Easter Sunday- Rev Michael Barnes
The road to Emmaus
The story of the two disciples walking the road to Emmaus is a compelling account of two followers confronting their grief and doubts and coming to new insights about the resurrection, and more importantly new experiences of life with Jesus.
It is a story of what happened then, and a parable of what happens now.
How so? All of us are on the road, on the journey of life. Sometimes, strangers join us for a while. We should welcome them, as the two disciples did. They may be a sign of the risen Christ. We will never know for sure but, as we engage them, they potentially embody an invitation to further our understanding of faith, to go beyond what we know.
On the journey of life, we can also learn more about our own faith tradition, particularly the scriptures. We can develop our understandings of them. Old meanings are transformed and renewed. We need injections of insight so that our interpretation of the scriptures doesn’t hold us back, doesn’t lock us into the past.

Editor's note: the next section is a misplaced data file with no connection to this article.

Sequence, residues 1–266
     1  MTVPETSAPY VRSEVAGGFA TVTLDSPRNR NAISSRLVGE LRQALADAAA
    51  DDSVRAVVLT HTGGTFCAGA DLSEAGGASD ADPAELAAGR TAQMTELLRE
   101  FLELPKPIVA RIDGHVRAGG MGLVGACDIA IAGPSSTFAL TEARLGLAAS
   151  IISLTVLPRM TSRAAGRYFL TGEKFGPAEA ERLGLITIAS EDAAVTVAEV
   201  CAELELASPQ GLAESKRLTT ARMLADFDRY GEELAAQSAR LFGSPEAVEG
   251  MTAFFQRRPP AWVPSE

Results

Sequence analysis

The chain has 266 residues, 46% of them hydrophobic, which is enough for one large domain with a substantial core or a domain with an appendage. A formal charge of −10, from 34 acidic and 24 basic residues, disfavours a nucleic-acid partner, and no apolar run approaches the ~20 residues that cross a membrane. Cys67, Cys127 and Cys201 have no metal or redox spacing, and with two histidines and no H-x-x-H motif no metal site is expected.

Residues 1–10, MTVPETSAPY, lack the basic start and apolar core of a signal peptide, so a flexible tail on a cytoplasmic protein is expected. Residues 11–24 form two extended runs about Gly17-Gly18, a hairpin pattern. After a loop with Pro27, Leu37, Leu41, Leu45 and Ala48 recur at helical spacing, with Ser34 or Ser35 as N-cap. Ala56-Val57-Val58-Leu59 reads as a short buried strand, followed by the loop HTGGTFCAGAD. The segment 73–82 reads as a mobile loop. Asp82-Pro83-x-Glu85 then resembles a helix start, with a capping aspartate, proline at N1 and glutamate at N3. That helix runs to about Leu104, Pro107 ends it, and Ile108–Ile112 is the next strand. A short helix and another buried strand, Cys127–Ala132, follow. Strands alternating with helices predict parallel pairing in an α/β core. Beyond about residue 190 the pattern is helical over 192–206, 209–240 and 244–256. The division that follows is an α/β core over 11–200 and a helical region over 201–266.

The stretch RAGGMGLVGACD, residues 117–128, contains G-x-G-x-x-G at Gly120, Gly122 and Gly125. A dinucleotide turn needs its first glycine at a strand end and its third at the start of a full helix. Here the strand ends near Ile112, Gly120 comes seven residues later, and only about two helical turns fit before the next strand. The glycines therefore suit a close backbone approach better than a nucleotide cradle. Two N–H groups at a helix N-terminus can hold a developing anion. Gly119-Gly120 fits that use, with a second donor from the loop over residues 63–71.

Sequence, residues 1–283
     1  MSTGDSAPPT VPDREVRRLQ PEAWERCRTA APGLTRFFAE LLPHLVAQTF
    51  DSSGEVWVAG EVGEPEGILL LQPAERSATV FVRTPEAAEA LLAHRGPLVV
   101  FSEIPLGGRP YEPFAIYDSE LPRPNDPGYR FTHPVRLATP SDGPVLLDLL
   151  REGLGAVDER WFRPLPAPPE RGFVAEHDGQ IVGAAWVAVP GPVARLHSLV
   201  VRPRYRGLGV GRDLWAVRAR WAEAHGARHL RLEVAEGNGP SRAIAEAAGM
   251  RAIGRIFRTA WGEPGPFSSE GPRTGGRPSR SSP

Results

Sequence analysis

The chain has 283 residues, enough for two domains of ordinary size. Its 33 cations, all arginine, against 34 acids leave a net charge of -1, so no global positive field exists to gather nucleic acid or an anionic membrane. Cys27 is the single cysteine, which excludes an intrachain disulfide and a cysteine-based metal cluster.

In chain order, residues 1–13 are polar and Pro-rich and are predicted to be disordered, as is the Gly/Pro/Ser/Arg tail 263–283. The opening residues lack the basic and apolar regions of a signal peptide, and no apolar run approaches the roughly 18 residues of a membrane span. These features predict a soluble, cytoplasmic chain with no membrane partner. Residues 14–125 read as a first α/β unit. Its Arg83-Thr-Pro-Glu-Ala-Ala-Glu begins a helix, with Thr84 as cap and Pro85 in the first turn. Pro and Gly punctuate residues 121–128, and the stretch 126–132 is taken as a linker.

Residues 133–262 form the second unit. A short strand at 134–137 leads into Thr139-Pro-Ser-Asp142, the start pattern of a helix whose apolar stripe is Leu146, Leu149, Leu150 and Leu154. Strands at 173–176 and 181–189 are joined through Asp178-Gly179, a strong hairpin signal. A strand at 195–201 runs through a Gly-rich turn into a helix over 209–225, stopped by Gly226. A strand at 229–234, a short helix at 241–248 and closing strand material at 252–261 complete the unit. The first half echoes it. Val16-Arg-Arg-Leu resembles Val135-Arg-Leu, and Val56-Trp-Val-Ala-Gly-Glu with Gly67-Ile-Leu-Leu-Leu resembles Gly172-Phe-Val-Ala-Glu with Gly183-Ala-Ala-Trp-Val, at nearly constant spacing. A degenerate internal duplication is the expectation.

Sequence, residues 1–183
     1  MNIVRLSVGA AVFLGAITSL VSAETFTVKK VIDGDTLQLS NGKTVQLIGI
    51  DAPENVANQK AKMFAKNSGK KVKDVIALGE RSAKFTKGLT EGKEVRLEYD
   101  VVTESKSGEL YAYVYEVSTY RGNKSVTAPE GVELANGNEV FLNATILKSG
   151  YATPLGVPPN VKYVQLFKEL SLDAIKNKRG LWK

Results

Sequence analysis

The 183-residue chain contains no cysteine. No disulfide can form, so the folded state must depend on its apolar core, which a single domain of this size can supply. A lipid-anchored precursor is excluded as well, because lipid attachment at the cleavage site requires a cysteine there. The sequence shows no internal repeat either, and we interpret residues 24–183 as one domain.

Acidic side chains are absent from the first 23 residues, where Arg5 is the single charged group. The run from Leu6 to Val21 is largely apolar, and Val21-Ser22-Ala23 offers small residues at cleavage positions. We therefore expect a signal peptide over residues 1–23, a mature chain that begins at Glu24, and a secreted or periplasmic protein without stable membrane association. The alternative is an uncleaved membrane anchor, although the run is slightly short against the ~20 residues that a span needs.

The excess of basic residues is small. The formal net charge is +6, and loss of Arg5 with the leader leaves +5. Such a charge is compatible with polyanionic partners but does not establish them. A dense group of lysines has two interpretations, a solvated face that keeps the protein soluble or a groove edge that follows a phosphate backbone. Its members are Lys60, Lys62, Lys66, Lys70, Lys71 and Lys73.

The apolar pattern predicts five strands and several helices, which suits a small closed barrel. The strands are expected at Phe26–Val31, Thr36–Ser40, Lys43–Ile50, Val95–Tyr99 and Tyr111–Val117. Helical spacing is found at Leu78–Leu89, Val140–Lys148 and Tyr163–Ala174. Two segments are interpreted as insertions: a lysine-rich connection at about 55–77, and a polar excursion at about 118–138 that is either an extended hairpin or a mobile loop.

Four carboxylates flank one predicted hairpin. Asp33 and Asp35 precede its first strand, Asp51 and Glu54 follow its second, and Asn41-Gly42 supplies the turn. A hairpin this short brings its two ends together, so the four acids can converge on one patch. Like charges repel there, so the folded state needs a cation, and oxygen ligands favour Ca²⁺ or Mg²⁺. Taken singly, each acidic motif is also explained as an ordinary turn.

And then, there is the breaking of bread, ‘Jesus broke the bread, and their eyes were opened.’ The two caught a glimpse of him and then he vanished. We catch glimpses of the Risen Christ when life is not only shared but broken open.
This account reminds us of the Last Supper (Lk 22:17-20), and especially the feeding of the 5,000 (Lk 9: 10-17), notably the words, ‘he took the bread, said a blessing, broke the bread and gave it to them.’
When life is shared and broken open, when people cross over boundaries to share bread with others, the kingdom of God comes to birth and Christ is strangely present.
The Uniting Church Basis of Union says, ‘We are a pilgrim people on the way to a promised end.’ The story of the journey to Emmaus is a beautiful parable of what it means to be a pilgrim, strangers, scriptures, broken bread…